Nigeria’s stature in Africa is growing more globally. Last year, arrivals into Nigeria increased by 12% and business travel spending is always on the rise. With such a diverse number of cultural influences, a booming African economy and amazing leisurely appeal, serviced accommodation is becoming more and more necessary in Nigeria.
Nigeria truly dominates its region. Every fifth African is Nigerian, and the country is the most populous of the continent. The West African state homes over 190 million Nigerians and borders Benin, Niger, Chad, Cameroon and the Gulf of Guinea in the south. Its many cultural influences are evident with experts believing 250 ethnic groups exist in Nigeria. The large landmass means the climate and terrain is very diverse depending on where you travel. Nigeria's capital is now the centrally-located Abuja, but the government was previously headquartered in the famously industrialised, busy city of Lagos.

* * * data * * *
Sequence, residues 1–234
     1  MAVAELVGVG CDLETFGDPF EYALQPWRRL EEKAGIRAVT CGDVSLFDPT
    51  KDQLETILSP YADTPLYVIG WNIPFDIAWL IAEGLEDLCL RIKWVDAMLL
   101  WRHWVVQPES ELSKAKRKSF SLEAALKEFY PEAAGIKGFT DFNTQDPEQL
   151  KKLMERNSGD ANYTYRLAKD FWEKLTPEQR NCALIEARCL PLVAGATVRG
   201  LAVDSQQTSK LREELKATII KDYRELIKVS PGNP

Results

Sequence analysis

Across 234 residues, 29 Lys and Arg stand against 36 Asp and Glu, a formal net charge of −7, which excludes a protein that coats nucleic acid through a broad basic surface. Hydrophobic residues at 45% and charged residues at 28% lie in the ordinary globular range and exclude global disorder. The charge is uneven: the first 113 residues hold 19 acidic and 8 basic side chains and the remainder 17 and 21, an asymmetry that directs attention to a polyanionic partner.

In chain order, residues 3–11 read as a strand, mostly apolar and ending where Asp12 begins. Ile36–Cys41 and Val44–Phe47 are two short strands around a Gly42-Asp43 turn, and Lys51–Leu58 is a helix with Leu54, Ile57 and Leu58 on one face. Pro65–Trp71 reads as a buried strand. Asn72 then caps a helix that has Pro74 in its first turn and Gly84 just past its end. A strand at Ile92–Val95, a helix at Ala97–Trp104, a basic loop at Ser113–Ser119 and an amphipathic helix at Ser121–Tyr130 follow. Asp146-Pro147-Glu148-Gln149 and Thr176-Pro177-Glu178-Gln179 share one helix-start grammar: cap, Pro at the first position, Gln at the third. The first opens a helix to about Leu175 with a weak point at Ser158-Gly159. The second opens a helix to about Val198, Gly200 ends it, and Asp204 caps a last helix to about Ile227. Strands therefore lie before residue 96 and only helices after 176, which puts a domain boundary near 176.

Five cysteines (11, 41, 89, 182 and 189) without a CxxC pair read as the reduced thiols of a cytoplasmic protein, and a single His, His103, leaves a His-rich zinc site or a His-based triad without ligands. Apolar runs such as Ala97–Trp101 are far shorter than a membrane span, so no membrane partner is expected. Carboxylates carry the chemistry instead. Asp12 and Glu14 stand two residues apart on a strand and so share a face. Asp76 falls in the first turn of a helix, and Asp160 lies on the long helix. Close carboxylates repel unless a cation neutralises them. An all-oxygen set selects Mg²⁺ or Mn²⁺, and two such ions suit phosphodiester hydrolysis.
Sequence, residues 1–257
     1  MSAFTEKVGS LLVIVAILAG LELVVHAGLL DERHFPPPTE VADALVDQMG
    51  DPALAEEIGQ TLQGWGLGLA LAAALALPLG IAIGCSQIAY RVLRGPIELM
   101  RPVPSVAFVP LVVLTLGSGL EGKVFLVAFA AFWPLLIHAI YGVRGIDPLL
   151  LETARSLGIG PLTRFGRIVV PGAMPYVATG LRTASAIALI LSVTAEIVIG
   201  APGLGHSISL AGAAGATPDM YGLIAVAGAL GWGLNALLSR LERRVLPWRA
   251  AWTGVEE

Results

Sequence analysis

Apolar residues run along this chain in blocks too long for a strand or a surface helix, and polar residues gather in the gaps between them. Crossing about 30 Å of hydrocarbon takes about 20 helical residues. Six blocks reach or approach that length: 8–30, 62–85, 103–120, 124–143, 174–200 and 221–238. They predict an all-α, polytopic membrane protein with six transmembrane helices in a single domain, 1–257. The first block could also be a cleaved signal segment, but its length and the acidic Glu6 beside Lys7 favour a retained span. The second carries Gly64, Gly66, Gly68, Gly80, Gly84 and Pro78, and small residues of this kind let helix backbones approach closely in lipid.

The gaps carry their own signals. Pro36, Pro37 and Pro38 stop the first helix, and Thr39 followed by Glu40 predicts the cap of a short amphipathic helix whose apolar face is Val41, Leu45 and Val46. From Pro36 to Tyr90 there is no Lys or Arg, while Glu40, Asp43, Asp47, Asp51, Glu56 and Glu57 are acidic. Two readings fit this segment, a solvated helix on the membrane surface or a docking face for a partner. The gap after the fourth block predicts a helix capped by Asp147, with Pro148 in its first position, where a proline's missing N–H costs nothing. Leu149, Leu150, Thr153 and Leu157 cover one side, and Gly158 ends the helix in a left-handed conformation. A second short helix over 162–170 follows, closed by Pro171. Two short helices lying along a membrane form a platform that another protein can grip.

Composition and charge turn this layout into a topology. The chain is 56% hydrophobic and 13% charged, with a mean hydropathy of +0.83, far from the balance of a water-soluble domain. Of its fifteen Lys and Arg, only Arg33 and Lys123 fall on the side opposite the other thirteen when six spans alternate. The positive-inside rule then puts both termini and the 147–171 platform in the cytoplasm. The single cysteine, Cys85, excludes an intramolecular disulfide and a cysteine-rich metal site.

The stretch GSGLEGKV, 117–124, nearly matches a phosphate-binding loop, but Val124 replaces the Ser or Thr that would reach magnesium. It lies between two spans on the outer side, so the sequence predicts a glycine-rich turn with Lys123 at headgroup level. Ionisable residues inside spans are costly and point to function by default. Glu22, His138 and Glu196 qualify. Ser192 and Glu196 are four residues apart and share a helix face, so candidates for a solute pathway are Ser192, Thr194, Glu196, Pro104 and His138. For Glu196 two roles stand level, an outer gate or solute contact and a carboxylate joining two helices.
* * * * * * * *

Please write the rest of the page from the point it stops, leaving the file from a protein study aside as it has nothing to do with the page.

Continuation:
Nigeria’s history is intriguing, as it reflects such civil disparity that not many other countries share. After more united times of the Yoruba and Kanem-Borno communities, later centuries saw the north and south split ethnically. Following Nigeria’s independence in 1960 from prior British annexation, ethnic division was prominent. Decades of conflicts ensued and change of leadership was constant. Eventually, salvation came for the people when their corrupt leader died of a heart attack. This then allowed a chance for peace and prosperity to continue in the future.